“If my daddy was alive and saw me making tumbled brick, he’d fire me,” says Foster, the chairman and CEO.
In 2005, Statesville Brick added a plant that can make straight-edge or tumbled brick with the flip of a switch. Foster calls the facility “the most modern tumbled brick plant in the country.”
Ever since the great recession socked home building — typically the biggest consumer of bricks — Statesville Brick has used only the newer plant to fill orders. Being relatively small and nimble has helped the company stay healthy, Foster says.
“We have never been real concerned with getting bigger,” he says. “I think, in our business, you can overexpand yourself right out of efficiency.”
These days, brick-makers depend on schools, hospitals, and commercial buildings to keep the kilns burning. It helps that Statesville Brick specializes in matching existing brick. The company shipped look-alike bricks to Ohio State University, Princeton University, and the University of North Carolina at Chapel Hill. Currently, it’s matching brick for expansions at Southwest Guilford High School and Moses H. Cone Memorial Hospital in Greensboro.
Architects, contractors, and building-supply dealers from all over the East call the company with their color puzzles. On a tour of the plant, Rankin points to a pallet of red bricks with white streaks. The bricks are popular in New Jersey, but a dealer there can’t find the bricks anymore because a local brick plant shut down.
“We’ll get a cube up, send it to them, and let them see what they think,” Rankin says.
The company doesn’t shy from orders that require tinkering with different formulas. Often the differences lie in sands that are applied to the brick faces before firing. The sands contain oxides that change colors when heated.
“We’ve got one sand we use that starts out green, and when it fires, it ends up deep burgundy,” Foster says.
Into the fire
Screech, hiss, beep, bang. That’s what a brick factory sounds like.
After refined clay and shale are mixed with water, the bricks are extruded — forced through a mold and cut to length, much like kids do with a Play-Doh Factory — and stacked on small, flat railcars.
The bricks roll through a dryer to sweat out the moisture, then they’re off to face the fire. The tunnel kiln at Statesville Brick burns at more than 2,000 degrees Fahrenheit. Rankin uses his handkerchief to open a port in the side. The window glows bright orange. Heat punches through the opening. Rankin is careful not to get too close. As a boy, he liked to peek into the coal-fired beehive kilns. His mother could always tell what he’d been up to.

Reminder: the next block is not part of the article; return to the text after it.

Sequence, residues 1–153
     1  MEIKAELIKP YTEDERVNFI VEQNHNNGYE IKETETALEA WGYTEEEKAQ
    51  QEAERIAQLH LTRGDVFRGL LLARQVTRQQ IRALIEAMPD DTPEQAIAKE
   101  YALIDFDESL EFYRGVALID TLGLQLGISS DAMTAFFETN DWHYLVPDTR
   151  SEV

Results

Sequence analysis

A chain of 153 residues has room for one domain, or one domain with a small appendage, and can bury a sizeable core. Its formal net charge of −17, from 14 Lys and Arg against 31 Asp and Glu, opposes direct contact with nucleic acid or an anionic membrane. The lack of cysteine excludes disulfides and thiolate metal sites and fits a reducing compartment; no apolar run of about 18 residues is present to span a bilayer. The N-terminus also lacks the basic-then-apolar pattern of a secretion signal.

“What happened to your eyebrows?” she’d ask, knowing the answer. They were singed off.
Now in repossession of his eyebrows, Rankin believes his ancestors would be proud of the way he and Foster run Statesville Brick. He picks up two finished bricks and clinks them together as if he’s toasting the company’s success.
“If it’s got a good ring, you know you got good quality,” he says, satisfied.
400 Years of History
North Carolina’s brick history reaches back to the late 1600s, when brick-making colonists trickled down from Virginia to settle around Albemarle Sound. They ground up clam and oyster shells for mortar.
By the early 1700s, the coastal area was known for making bricks and tiles. The Newbold-White House, built in 1730 in Perquimans County, is the state’s oldest brick house.
Farther south, in New Bern on Pamlico Sound, Tryon Palace, the massive home of royal Gov. William Tryon, was made of brick. The original house was completed in 1770.
Prisoners made the bricks used to build the governor’s mansion in Raleigh. Some of the sidewalk bricks still bear the names of the men who made them. The mansion was finished in 1891 and is on the National Register of Historic Places.
Also on the National Register: the George Black House and Brickyard in Winston-Salem. The home is not made of bricks, but brick-maker George Black, the son of a former slave, started a brickyard behind the house in the early 1900s. During a time when most brick-makers moved toward automation, Black handcrafted bricks known internationally for their quality and durability.
- Visitors to Disney World and Disneyland step on North Carolina brick pavers.
- Crayola added Brick Red as a crayon color in 1949.
- The holes in bricks are called cores. Cores make the bricks lighter for shipping. They also make the bricks easier for masons to handle.
Maria Johnson is an award-winning writer in Greensboro. Maria’s most recent story for Our State was “The Egg Church” (April 2011).